November 2016: Journal of Clinical Gastroenterology
Ankita Tirath, Sandra Tadros, Samuel L Coffin, Kristina W Kintziger, Jennifer L Waller, Stephanie L Baer, Rhonda E Colombo, Lu Y Huber, Mufaddal F Kheda, N Stanley Nahman
Clostridium difficile infection (CDI) is the most common cause of nosocomial diarrhea. Patients with end-stage renal disease (ESRD) may be at increased risk for CDI. Patients with ESRD with CDI have increased mortality, longer length of stay, and higher costs. The present studies extend these observations and address associated comorbidities, incidence of recurrence, and risk factors for mortality. We queried the United States Renal Data System (USRDS) for patients with ESRD diagnosed with CDI, and assessed for the incidence of infection, comorbidities, and mortality...
October 13, 2016: Journal of Investigative Medicine: the Official Publication of the American Federation for Clinical Research
Deirdre L Church
Alteration in the host microbiome at skin and mucosal surfaces plays a role in the function of the immune system, and may predispose immunocompromised patients to infection. Because obligate anaerobes are the predominant type of bacteria present in humans at skin and mucosal surfaces, immunocompromised patients are at increased risk for serious invasive infection due to anaerobes. Laboratory approaches to the diagnosis of anaerobe infections that occur due to pyogenic, polymicrobial, or toxin-producing organisms are described...
August 2016: Microbiology Spectrum
Jonna Jalanka, Eero Mattila, Hanne Jouhten, Jorn Hartman, Willem M de Vos, Perttu Arkkila, Reetta Satokari
BACKGROUND: Faecal microbiota transplantation (FMT) is an effective treatment for recurrent Clostridium difficile infection (rCDI). It restores the disrupted intestinal microbiota and subsequently suppresses C. difficile. The long-term stability of the intestinal microbiota and the recovery of mucosal microbiota, both of which have not been previously studied, are assessed herein. Further, the specific bacteria behind the treatment efficacy are also investigated. METHODS: We performed a high-throughput microbiota profiling using a phylogenetic microarray analysis of 131 faecal and mucosal samples from 14 rCDI patients pre- and post-FMT during a 1-year follow-up and 23 samples from the three universal donors over the same period...
October 11, 2016: BMC Medicine
Christian Carlucci, Elaine O Petrof, Emma Allen-Vercoe
The human gut microbiome is a complex ecosystem of fundamental importance to human health. Our increased understanding of gut microbial composition and functional interactions in health and disease states has spurred research efforts examining the gut microbiome as a valuable target for therapeutic intervention. This review provides updated insight into the state of the gut microbiome in recurrent Clostridium difficile infection (CDI), ulcerative colitis (UC), and obesity while addressing the rationale for the modulation of the gut microbiome using fecal microbiota transplant (FMT)-based therapies...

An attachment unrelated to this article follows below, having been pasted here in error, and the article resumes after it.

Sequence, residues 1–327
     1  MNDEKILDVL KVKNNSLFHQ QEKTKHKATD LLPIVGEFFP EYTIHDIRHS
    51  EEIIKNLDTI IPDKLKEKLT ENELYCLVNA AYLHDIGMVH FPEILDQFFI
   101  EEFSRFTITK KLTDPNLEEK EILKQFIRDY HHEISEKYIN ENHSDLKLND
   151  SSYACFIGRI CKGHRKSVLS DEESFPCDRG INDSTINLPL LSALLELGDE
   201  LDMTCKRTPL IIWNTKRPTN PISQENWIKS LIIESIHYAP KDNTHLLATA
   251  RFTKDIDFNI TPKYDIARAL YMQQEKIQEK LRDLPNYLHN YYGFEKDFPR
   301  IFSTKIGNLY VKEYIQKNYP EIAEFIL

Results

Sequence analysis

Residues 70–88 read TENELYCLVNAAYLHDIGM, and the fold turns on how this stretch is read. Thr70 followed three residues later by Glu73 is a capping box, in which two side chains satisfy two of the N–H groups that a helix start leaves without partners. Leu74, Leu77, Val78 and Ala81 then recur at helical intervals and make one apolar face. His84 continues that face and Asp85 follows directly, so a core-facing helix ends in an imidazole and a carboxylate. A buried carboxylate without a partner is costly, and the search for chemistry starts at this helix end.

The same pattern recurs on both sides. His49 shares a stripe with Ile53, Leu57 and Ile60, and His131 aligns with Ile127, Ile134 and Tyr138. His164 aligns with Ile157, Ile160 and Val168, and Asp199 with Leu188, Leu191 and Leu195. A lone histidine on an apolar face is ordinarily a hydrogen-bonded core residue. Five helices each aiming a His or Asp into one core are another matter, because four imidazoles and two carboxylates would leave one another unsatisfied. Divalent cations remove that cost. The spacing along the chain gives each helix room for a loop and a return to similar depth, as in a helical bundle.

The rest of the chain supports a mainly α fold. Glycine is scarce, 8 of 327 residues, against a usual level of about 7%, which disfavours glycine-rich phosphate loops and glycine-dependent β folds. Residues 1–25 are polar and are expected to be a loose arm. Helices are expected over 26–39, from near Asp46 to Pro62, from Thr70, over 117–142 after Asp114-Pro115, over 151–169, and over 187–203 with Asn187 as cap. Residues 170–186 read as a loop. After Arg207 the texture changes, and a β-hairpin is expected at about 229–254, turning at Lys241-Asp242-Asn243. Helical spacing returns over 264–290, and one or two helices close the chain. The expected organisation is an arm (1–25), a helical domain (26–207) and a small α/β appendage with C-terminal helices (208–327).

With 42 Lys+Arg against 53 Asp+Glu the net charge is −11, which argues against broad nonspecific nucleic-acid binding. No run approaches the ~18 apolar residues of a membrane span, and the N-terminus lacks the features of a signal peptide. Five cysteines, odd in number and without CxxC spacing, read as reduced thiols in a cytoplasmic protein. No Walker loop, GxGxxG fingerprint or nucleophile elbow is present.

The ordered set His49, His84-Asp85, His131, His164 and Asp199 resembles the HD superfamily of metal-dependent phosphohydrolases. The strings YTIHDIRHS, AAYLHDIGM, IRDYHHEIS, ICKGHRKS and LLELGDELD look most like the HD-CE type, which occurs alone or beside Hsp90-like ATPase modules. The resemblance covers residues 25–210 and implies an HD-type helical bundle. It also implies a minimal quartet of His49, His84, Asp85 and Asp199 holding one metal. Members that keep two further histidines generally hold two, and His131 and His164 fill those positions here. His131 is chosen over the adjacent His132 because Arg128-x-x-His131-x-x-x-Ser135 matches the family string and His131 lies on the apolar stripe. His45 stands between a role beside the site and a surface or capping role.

October 1, 2016: EBioMedicine
C Fehér, E Múñez Rubio, P Merino Amador, A Delgado-Iribarren Garcia-Campero, M Salavert, E Merino, E Maseda Garrido, V Díaz-Brito, M J Álvarez, J Mensa
The objective of this study was to evaluate the efficacy and safety of fidaxomicin in the real-life clinical setting. This was a retrospective cohort of patients with Clostridium difficile infection (CDI) treated with fidaxomicin in 20 Spanish hospitals between July 2013 and July 2014. Clinical cure, 30-day recurrence, 30-day mortality, sustained cure, and factors associated with the failure to achieve sustained cure were analyzed. Of the 72 patients in the cohort 41 (56.9 %) had a fatal underlying disease...
October 8, 2016: European Journal of Clinical Microbiology & Infectious Diseases
Paola Mora-Uribe, Camila Miranda-Cárdenas, Pablo Castro-Córdova, Fernando Gil, Iván Calderón, Juan A Fuentes, Paula I Rodas, Saeed Banawas, Mahfuzur R Sarker, Daniel Paredes-Sabja
Clostridium difficile is the causative agent of the most frequently reported nosocomial diarrhea worldwide. The high incidence of recurrent infection is the main clinical challenge of C. difficile infections (CDI). Formation of C. difficile spores of the epidemic strain R20291 has been shown to be essential for recurrent infection and transmission of the disease in a mouse model. However, the underlying mechanisms of how these spores persist in the colonic environment remains unclear. In this work, we characterized the adherence properties of epidemic R20291 spores to components of the intestinal mucosa, and we assessed the role of the exosporium integrity in the adherence properties by using cdeC mutant spores with a defective exosporium layer...
2016: Frontiers in Cellular and Infection Microbiology
Erik R Dubberke, Kathleen M Mullane, Dale N Gerding, Christine H Lee, Thomas J Louie, Harriet Guthertz, Courtney Jones